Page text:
The crisis triggered last week could lead to snap elections held as early as September, with polls projecting a likely far-right win.
Italy’s prime minister Mario Draghi formally resigned on Thursday, ushering in a period of political uncertainty for the country and the European Union amid a deepening economic crisis and the prospect of energy shortages this winter.
The move might lead to a snap election held as early as September.
The former European Central Bank chief had offered his resignation last week, after a key cost of living bill failed to get the full backing of his national unity government in a confidence vote. But Italy’s President Sergio Mattarella refused to sign off on it, asking Draghi to first address parliament in an attempt to salvage the coalition.
But on Wednesday, the populist Five Star Movement (M5S), Silvio Berlusconi’s centre-right Forza Italia party and Matteo Salvini’s far-right League did not take part in a confidence vote over “rebuilding a pact of trust” in Draghi’s administration.
Draghi, who was hand-picked by President Mattarella to lead a national unity government in February 2021, was meant to lead Italy out of an economic crisis compounded by the country’s spiralling debt, the global pandemic, and now the war in Ukraine.
The crisis comes at a key juncture. A deadline to draw Italy’s next budget is coming up at the end of the year, and the European Union is facing energy shortages as Russia uses gas in an attempt to put pressure on the bloc over sanctions.
Draghi was seen as a guardian of stability in Italy, the EU’s third-largest economy after Germany and France. But Italy, sometimes referred to as the “sick man of Europe” by the international press, has also been a ticking time bomb for the block due to its stagnating economy - which took a further hit from the Covid-19 pandemic, when its public debt ballooned to more than 150 percent of its GDP.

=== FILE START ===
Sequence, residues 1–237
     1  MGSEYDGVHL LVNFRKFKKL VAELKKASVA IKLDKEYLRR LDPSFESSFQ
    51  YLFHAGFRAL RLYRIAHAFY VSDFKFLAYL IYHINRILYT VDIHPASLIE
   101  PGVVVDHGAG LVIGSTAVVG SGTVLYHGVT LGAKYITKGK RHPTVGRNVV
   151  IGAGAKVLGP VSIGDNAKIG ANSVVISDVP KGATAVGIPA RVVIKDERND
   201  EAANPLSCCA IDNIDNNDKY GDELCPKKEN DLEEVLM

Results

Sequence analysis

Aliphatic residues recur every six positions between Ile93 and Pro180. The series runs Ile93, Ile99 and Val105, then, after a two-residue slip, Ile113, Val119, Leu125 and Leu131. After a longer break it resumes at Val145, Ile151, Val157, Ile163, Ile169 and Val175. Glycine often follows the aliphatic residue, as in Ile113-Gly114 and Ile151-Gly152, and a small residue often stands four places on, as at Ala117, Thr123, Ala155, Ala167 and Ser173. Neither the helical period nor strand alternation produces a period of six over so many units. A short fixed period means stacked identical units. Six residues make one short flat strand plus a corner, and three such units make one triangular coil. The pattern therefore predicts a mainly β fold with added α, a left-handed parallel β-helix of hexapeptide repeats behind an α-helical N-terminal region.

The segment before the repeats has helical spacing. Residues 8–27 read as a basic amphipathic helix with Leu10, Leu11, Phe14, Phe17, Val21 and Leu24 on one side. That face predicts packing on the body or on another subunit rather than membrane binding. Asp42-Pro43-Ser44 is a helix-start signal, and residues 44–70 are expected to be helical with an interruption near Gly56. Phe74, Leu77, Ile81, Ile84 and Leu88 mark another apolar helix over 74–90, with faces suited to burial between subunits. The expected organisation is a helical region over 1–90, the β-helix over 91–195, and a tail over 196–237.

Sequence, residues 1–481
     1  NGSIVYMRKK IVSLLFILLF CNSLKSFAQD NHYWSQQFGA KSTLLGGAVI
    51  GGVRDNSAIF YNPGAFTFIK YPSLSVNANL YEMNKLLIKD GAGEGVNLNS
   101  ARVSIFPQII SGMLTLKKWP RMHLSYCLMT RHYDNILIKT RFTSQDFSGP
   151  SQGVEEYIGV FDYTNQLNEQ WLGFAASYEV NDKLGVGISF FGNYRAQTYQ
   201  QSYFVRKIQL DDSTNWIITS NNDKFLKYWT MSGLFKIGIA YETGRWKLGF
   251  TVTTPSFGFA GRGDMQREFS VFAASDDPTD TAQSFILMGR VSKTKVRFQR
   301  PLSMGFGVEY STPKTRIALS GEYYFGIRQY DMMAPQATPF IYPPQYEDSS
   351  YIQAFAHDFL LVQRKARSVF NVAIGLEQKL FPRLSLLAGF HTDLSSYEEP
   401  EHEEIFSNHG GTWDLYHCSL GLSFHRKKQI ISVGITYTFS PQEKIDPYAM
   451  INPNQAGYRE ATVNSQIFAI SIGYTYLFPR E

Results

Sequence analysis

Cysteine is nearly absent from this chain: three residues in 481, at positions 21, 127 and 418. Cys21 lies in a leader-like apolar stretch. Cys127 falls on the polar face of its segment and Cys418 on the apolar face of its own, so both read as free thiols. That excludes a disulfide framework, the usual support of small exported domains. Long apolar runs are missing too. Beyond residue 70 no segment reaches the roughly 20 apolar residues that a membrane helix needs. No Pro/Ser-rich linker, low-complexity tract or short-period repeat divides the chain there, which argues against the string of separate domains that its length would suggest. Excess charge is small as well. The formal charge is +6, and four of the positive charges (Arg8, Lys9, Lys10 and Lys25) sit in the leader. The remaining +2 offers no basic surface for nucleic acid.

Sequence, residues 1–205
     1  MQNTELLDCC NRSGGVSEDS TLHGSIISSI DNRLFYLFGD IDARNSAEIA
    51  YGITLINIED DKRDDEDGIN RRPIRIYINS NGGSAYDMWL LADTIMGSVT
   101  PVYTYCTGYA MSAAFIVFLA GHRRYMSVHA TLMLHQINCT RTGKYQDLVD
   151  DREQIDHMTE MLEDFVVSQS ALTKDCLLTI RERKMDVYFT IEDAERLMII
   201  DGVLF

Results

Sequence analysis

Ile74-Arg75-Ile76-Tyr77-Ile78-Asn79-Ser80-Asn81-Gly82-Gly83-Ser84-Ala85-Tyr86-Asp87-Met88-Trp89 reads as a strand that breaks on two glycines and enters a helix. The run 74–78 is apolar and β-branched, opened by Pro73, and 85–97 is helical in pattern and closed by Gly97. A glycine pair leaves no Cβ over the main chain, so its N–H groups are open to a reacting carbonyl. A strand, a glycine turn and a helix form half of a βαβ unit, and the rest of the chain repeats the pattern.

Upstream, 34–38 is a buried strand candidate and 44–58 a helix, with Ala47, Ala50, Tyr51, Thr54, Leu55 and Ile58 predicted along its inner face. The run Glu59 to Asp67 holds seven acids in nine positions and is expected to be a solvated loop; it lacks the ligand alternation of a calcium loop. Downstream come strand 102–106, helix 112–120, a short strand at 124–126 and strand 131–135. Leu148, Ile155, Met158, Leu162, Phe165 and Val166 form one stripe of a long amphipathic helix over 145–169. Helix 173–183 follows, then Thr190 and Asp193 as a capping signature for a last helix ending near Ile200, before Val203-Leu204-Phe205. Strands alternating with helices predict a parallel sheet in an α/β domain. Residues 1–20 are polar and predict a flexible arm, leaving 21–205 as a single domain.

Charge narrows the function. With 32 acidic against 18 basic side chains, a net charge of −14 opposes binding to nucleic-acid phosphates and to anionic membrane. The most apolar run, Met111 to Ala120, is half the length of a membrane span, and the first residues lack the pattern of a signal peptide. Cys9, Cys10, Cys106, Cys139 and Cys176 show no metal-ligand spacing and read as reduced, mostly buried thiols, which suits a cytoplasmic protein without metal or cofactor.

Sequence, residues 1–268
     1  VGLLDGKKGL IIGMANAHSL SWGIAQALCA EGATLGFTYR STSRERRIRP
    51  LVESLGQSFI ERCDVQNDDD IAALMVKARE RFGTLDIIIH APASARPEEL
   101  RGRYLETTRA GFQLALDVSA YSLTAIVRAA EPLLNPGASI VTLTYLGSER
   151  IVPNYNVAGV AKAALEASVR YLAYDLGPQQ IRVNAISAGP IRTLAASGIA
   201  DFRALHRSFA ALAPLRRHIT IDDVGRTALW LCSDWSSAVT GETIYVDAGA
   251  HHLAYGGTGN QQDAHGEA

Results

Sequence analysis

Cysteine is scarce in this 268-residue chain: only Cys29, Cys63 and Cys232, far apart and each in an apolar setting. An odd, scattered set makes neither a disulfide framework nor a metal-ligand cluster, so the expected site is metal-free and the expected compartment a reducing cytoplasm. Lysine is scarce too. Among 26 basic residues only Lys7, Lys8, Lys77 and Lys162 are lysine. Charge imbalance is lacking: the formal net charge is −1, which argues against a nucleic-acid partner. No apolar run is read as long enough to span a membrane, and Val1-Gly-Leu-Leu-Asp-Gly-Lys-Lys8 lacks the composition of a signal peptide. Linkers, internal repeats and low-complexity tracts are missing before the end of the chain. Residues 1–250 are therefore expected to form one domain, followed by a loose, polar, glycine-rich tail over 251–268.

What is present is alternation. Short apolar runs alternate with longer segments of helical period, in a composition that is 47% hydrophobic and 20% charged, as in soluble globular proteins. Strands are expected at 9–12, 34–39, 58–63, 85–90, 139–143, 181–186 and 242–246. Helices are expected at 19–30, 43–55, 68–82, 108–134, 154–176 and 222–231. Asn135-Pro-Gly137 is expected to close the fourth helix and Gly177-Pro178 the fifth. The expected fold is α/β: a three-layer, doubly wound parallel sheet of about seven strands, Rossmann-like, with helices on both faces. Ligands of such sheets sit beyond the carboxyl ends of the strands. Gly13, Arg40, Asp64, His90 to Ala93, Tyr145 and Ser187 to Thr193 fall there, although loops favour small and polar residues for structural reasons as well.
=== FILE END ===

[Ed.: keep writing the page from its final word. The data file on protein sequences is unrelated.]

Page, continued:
Italian bonds and stocks dropped in value after the announcement, putting pressure on the European Central Bank (ECB), just as it was due to announce its first interest rate hike since 2011. Hours later, the ECB announced raised interest rates by 50 basis points to fight inflation, and announced a new ‘anti-fragmentation’ instrument aimed at supporting heavily indebted countries like Italy.
France’s European Affairs minister Laurence Boone said on Thursday that Draghi’s departure would usher in a "period of uncertainty" and mark the loss of a "pillar of Europe." The Financial Times newspaper wrote that Italy was losing its prime minister “at a perilous moment.”
Snap election could usher in far-right
Draghi will stay on at the helm of a caretaker government until elections in autumn, Mattarella said on Thursday as he accepted the prime minister’s resignation.
The possible dates for the election are September 18, September 25, or October 2. The final date will depend on when the government is dissolved, as it should be no later than 70 days after that date.
Elections were due to be held in Italy in the first half of 2023, and political parties had begun vying for popular consensus amid spiralling inflation.
Polls suggest that a right-wing coalition would be likely to win a snap election held in the autumn.
Italy’s far-right, national-conservative Brothers of Italy, a party with neo-fascist origins, made huge gains in local elections held across the country in June, emerging as the strongest party in a coalition that includes Matteo Salvini’s League and Berlusconi’s Forza Italia.
This is mostly due to the party’s decision to stay out of Draghi’s national unity government last year to become the main opposition force. The party’s leader, Giorgia Meloni, could become Italy’s first female prime minister should the coalition win.